• QoS: support for enforcement of maximum bitrates (MBR), minimum guaranteed bitrates (GBR, via admission control), and prioritization using switch queues and scheduling policy.
  • Slicing: multiple logical UPFs can be instantiated on the same switch, each one with its own QoS model and isolation guarantees enforced at the hardware level using separate queues.

 

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Figure 3: In multi-switch topologies, all leaves are programmed to terminate GTP-U tunnels

In SD-Fabric (and therefore in Aether) we support different edge deployment sizes: from a single rack with just one Top-of-Rack (ToR) switch, or a paired-ToR for redundancy, to NxM leaf-spine fabrics for multi-rack deployments. For this reason, P4-UPF is realized with a "distributed" data plane implementation where all leaf (ToR) switches are programmed with the same UPF state, such that any leaf can terminate any GTP-U tunnel. This provides several benefits:

  • Simplified deployment: base stations can be connected via any leaf switch.
  • Minimum latency: the UPF function is applied as soon as packets enter the fabric, without going through additional devices before reaching their final destination.
  • Fast failover: when using paired-ToRs, if one switch fails, the other can immediately take over as it is already programmed with the same UPF state.3
  • Fabric-wide slicing & QoS guarantees: packets are classified as soon as they hit the first ToR. We then use packet marking to enforce the same QoS rules on all hops. In case of congestion, flows deemed high priority are treated as such by all switches.

Architecture and Integration with SD-Core

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Figure 4: Control plane architecture of P$-UPF in SD-Fabric

P4-UPF builds upon the SD-Fabric architecture. We use Intel® Tofino™-based white box switches running Stratum and controlled by the ONOS SDN controller. On top of ONOS, there are two sets of applications, each one responsible for managing different switch tables:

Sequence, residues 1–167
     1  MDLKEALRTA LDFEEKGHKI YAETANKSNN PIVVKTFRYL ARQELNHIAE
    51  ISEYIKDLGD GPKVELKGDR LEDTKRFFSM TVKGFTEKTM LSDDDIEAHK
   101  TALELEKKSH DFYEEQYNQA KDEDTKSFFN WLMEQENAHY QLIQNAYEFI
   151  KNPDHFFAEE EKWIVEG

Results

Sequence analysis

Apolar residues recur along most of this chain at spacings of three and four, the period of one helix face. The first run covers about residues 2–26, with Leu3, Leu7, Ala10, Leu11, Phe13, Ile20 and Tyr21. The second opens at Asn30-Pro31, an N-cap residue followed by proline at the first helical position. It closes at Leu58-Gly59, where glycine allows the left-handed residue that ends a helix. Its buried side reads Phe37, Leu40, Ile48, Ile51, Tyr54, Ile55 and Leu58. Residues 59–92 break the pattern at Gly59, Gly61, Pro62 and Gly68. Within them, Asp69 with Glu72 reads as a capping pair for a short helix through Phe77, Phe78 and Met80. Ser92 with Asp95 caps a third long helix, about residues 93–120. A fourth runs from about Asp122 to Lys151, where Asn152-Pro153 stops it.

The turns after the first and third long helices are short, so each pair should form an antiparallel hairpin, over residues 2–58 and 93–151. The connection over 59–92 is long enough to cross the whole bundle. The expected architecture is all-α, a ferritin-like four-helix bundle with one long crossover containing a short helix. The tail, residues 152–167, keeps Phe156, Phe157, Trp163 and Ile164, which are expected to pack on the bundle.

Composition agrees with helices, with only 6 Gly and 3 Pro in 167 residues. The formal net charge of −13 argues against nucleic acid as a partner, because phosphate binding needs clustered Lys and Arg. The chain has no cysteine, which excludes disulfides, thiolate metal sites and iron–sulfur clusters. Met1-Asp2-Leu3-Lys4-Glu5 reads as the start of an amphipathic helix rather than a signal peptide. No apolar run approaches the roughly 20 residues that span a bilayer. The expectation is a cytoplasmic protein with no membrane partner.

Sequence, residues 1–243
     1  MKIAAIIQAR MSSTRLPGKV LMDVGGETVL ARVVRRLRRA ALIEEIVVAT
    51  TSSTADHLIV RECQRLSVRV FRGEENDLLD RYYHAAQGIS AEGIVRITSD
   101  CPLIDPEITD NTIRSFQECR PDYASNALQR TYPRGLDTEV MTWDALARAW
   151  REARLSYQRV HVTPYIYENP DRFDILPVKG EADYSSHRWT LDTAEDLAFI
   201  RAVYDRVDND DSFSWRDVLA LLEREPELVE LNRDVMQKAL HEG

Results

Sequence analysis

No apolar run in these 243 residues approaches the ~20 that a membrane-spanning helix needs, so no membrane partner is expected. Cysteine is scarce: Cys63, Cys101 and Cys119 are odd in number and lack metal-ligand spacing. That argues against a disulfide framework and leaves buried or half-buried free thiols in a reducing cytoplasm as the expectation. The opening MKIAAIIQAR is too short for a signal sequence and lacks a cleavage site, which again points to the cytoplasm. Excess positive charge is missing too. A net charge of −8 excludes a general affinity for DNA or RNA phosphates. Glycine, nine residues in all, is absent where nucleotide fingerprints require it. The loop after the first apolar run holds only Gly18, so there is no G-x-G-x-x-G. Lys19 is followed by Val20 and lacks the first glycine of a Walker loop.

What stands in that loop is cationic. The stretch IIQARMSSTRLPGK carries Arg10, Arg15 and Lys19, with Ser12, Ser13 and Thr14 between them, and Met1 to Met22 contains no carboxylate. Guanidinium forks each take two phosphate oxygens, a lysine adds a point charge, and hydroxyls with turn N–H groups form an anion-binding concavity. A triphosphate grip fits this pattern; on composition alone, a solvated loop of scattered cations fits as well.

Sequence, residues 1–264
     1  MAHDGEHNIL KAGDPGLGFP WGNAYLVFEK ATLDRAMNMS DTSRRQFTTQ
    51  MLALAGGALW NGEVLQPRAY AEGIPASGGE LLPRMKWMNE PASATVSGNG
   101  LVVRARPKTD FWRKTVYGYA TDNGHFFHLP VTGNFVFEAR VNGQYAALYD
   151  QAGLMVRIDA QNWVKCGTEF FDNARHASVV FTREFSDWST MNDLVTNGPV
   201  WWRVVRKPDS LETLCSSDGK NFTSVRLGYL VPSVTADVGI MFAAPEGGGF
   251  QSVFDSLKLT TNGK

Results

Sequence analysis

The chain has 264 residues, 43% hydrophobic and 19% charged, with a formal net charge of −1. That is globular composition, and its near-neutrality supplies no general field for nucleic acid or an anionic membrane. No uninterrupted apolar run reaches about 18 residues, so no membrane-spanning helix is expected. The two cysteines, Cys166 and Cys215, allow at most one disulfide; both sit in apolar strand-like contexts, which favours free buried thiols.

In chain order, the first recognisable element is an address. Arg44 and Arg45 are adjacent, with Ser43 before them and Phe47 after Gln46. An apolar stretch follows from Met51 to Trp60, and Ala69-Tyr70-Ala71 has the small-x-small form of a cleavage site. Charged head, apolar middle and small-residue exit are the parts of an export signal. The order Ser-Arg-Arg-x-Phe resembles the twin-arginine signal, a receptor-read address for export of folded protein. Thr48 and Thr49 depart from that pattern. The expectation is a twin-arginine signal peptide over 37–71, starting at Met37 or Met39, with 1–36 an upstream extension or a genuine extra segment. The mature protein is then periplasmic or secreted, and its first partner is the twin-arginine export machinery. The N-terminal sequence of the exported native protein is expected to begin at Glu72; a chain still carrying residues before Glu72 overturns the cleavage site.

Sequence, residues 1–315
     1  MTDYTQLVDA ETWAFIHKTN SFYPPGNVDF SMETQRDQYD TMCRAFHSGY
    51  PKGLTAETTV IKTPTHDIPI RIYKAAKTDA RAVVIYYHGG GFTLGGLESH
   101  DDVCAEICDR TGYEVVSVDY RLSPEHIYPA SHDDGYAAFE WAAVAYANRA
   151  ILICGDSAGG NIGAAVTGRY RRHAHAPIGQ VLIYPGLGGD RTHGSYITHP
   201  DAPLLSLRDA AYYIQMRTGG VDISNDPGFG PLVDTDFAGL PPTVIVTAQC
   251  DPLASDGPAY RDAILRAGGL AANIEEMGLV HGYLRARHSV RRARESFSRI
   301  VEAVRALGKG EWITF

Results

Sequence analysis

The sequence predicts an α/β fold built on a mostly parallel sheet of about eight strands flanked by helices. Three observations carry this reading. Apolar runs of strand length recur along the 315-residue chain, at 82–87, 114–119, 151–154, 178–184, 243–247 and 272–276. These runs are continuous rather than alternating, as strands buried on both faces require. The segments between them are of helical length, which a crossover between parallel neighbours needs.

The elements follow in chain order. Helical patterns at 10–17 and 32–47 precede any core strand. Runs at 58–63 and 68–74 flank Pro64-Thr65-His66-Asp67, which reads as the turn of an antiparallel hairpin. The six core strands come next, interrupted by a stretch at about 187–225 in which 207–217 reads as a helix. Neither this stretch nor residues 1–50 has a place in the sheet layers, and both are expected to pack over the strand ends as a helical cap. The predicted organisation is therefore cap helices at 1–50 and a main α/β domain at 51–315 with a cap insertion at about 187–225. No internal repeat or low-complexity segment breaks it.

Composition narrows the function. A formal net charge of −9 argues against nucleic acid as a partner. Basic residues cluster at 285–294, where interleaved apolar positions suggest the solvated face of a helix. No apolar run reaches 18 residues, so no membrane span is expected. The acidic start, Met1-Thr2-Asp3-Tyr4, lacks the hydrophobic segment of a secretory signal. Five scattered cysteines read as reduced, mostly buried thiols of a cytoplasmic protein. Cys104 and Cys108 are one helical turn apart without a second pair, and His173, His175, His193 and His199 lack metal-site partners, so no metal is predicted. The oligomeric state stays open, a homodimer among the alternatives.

• The Fabric Control Apps: in charge of bridging, IPv4 and IPv6 routing, ECMP, MPLS segment routing (if the topology includes spines), re-routing in case of failures, learning routes via OSPF/BGP, DHCP relay, and more.
  • The UP4 App: in charge of populating the UPF tables while providing integration with standard 3GPP interfaces via a  "One-Big-UPF" abstraction.

The interface between the mobile core control plane and the UPF is defined by the 3GPP standard Packet Forwarding Control Protocol (PFCP). This is a complex protocol that can be difficult to understand, even though at its essence the rules that it installs are simple match-action rules. The implementation of such protocol, such as message parsing, state machines, and other bookkeeping can be common to many different UPF realizations. For this reason, we created a dedicated component, PFCP Agent, which is shared by P4-UPF and BESS-UPF.

Communication between the PFCP Agent and the UP4 App is done via the much simpler gRPC-based P4Runtime API, a generic interface for populating match-action tables and managing other pipeline constructs defined in P4. This is the same API the UP4 App uses to communicate with the switches. However, in the former case, it is used between two control planes, the mobile core, and the SDN controller. Leveraging P4Runtime at the control plane seemed the most natural choice, as the goal of the UP4 App is that of abstracting the whole fabric as one virtual big switch acting as a UPF.

This is a pattern common in SDN: the One-Big-UPF abstraction allows the upper layers to be independent of the underlying physical topology. The deployment can be scaled up and down, adding or removing racks and switches, without changing the mobile core control plane, which instead is provided with the illusion of controlling just one switch. The  "One-Big-UPF" abstraction is realized with a virtual-upf.p4 program that formalizes the forwarding model described by PFCP as a series of match-action tables. This program doesn’t run on switches, but it’s used as the schema to define the content of the P4Runtime messages between PFCP Agent and the UP4 App. On switches, we use a different program, fabric.p4, which implements tables similar to the virtual UPF but optimized to satisfy the resource constraints of Tofino, as well as tables for basic bridging, IP routing, ECMP, and more. The UP4 App implements a P4Runtime server, like if it were a switch, but instead it internally takes care of translating P4Runtime rules from virtual-upf.p4 to rules for the multiple physical switches running fabric.p4, based on an up-to-date global view of the topology.

 

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Figure 5: Development process between SD-Fabric and SD-Core teams. P4 is used as the lingua franca to agree on how UPF features should be realized